How changing your thinking can help you break through any barriers

Experiences and fun are at the heart of my family life so when my girls recently said they wanted to go roller-skating and that meant me as well, other than pride coming before a fall, I had no reason to say no… Funnily enough, my husband managed to find a very important job that needed finishing!

During some brief periods of watching at the side (come on, I needed some time to recover from the Crab Walk, Toe Jam and as for those Travelling Toe Pivots…!), I got chatting to a Dad who had brought his son Tommy and some of his friends. Terry’s son has cerebral palsy, which when he told me, led me to do a double-take as I watched Tommy carefully weave round and round the rink. Terry said Tommy has to lean heavily on using his stronger leg but loves the skating because of the sense of freedom it brings him. As well as cerebral palsy, Tommy also has Dyspraxia and Epilepsy. I was stunned how Terry nor Tommy let any of these conditions hold Tommy back.

Terry explained that someone with Cerebral Palsy who’s able to do anything that forces their muscles and joints to act in a way that’s more ‘normal’, is in a much better position to gain strength and thus maintain their freedom of movement long-term. He also said Tommy's determined not to be defined by the conditions he lives with - he does everything he can to lead the life he wants to lead.

Tommy’s friends all love skating and he wanted to be part of that. Terry said it’s taken a long time for his son to get to this point but he persevered until he could skate alongside his buddies. The fact that Terry and his wife had skated with Tommy every Saturday for the past three years and Mum Sue is currently nursing a broken ankle as a result of a skating accident, demonstrates the dedication these parents have to ensure their son lives his life to the best of his ability and his belief.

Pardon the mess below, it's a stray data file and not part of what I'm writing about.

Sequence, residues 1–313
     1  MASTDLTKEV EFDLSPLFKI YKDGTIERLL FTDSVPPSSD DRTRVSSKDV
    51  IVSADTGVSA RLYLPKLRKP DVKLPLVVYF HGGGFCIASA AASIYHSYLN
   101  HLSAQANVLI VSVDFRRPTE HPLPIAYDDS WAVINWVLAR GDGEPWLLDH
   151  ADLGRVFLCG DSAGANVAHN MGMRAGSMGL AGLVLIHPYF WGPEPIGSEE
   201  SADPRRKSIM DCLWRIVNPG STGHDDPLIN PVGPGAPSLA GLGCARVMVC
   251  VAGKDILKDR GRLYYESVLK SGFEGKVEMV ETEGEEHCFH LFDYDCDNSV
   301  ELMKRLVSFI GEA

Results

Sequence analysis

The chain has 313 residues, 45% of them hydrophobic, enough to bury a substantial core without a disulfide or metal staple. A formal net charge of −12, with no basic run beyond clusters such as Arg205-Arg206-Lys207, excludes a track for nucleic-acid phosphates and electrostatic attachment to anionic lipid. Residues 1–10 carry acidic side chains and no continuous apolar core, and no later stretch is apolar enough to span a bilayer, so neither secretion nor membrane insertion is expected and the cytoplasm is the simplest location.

I gained so much more knowledge of Cerebral Palsy, plus was reminded that the only limitations we have are very often self-imposed and our ability to break through those limitations, depends on our level of desire to do so.

I came across this clip on Instagram recently and it’s amazing. Amongst the comments, people question whether Miles Taylor should be lifting weights when he has Cerebral Palsy but having had a conversation with Terry, I know that with the right training and instruction, all manner of things are possible. It’s down to the individual and their condition, plus their own beliefs of what’s possible.

My reward for agreeing to go roller-skating meant although no pride, there was still a fall and a rather large bruise on my posterior as proof! But I was grateful for what I learnt that day and the important mindset reminder.

This week, think about what goals and ambitions you have and perhaps why you're not achieving them. What’s holding you back, what's standing in your way? Is it a lighthouse - i.e. something you can't change? Think about it differently to navigate around and this will help you to find a solution. Perhaps it's you - your self-imposed barriers- you're standing in your own way - due to fear of failure, maybe fear of success, inertia, self-doubt etc.

You can take control by thinking about the way you’re thinking about it and consciously choosing more productive and helpful thoughts. A different quality of thoughts will help you to achieve your goals, ambitions and what you desire.

As ever, it all starts with our thinking.

“Each time we face our fear, we gain strength, courage and confidence in the doing.” Theodore Roosevelt.


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